Saugata Ghose

Processing Using Memory

Saugata Ghose
University of Illinois at Urbana-Champaign

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The evolution of processing in memory (PIM) has resulted in a wide range of alternatives on how to implement specific architectures. We can broadly categorize these alternatives into two categories: processing near memory (PNM) and processing using memory (PUM). This tutorial will focus on PUM architectures, where device-level interactions between multiple memory cells can result in useful and reproducible computation. We will start by defining the difference between PNM and PUM architectures, along with a brief taxonomy. Then, we will study how PUM is achievable in both commonplace and emerging memory technologies. Next, we will look at a few example architectures that implement different PUM-based operations. Finally, we will discuss some of the key challenges that remain for viable PUM production.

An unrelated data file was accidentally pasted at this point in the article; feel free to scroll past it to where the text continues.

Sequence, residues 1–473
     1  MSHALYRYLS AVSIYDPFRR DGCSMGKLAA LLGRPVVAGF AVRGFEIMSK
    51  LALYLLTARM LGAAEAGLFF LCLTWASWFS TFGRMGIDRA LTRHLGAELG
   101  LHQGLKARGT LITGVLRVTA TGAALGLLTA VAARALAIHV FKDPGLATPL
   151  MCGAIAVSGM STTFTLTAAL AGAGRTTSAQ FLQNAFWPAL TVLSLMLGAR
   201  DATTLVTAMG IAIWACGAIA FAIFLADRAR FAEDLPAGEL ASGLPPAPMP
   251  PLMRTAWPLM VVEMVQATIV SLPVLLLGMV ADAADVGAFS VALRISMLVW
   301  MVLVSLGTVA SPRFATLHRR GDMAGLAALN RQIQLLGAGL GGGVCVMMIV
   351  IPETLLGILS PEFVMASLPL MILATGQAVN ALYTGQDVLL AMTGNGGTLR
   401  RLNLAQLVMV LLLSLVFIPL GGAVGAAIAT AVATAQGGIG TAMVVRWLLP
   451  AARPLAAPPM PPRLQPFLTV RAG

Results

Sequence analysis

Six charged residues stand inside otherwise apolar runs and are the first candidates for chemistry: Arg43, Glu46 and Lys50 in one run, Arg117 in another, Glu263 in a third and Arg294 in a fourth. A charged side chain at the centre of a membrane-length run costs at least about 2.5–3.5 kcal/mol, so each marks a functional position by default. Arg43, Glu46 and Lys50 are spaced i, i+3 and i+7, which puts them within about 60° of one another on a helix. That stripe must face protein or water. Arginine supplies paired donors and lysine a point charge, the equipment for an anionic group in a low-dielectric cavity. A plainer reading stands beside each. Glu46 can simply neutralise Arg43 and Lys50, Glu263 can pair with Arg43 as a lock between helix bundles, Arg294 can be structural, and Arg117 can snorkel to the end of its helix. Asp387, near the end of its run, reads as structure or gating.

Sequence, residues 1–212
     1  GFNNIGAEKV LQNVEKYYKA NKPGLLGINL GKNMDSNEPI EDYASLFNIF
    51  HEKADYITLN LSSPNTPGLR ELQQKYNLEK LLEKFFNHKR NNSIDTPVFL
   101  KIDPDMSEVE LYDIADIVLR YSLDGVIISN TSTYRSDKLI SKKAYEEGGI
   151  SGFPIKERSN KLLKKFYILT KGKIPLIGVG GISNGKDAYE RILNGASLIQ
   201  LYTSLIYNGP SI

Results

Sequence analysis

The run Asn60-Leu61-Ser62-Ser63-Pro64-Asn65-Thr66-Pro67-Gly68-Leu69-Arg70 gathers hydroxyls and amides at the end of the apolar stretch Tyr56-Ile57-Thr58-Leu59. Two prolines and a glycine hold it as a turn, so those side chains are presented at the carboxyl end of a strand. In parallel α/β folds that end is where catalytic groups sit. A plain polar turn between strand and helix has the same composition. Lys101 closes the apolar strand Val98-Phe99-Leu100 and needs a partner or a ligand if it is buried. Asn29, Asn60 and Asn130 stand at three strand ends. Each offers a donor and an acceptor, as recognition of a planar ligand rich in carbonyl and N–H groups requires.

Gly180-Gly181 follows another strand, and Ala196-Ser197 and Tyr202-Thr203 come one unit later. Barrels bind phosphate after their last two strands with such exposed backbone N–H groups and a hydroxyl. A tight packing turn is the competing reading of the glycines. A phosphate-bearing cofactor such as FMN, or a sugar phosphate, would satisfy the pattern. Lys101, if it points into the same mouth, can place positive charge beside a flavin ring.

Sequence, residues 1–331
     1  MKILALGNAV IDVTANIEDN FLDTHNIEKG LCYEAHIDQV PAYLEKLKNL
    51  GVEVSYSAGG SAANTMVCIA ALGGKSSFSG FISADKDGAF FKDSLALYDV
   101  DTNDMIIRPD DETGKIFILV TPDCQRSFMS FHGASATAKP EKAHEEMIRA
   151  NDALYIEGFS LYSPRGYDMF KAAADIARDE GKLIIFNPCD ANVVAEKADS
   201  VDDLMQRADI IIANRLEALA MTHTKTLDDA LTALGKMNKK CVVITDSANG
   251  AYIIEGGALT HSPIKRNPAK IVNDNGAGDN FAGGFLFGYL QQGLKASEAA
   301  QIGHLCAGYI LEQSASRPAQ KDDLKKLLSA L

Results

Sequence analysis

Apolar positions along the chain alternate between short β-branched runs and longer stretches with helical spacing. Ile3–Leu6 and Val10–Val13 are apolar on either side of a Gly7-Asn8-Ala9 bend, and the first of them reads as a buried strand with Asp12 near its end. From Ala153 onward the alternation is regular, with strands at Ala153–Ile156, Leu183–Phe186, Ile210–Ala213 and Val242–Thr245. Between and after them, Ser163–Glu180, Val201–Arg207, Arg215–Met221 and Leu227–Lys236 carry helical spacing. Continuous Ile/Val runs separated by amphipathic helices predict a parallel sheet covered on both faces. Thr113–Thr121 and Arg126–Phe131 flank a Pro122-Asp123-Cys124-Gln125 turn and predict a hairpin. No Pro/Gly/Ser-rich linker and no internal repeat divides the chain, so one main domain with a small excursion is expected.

Saugata Ghose is an assistant professor in the Department of Computer Science at the University of Illinois Urbana-Champaign.  He holds M.S. and Ph.D. degrees in electrical and computer engineering from Cornell University, and dual B.S. degrees in computer science and in computer engineering from Binghamton University.  He received the best paper award from DFRWS-EU in 2017 for work on solid-state drive forensics, and was a 2019 Wimmer Faculty Fellow while he was at Carnegie Mellon University.  His current research interests include data-oriented computer architectures and systems, new interfaces between systems software and hardware, energy-efficient memory and storage, and architectures for emerging platforms and domains.  For more information, please visit his website at